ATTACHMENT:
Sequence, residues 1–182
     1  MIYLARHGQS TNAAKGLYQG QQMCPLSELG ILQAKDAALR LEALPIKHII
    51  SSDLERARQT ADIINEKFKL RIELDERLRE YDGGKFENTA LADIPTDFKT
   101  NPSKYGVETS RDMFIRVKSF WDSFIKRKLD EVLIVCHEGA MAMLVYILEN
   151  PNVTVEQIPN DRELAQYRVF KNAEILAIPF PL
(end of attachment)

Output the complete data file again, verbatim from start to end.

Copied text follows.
Sequence, residues 1–182
     1  MIYLARHGQS TNAAKGLYQG QQMCPLSELG ILQAKDAALR LEALPIKHII
    51  SSDLERARQT ADIINEKFKL RIELDERLRE YDGGKFENTA LADIPTDFKT
   101  NPSKYGVETS RDMFIRVKSF WDSFIKRKLD EVLIVCHEGA MAMLVYILEN
   151  PNVTVEQIPN DRELAQYRVF KNAEILAIPF PL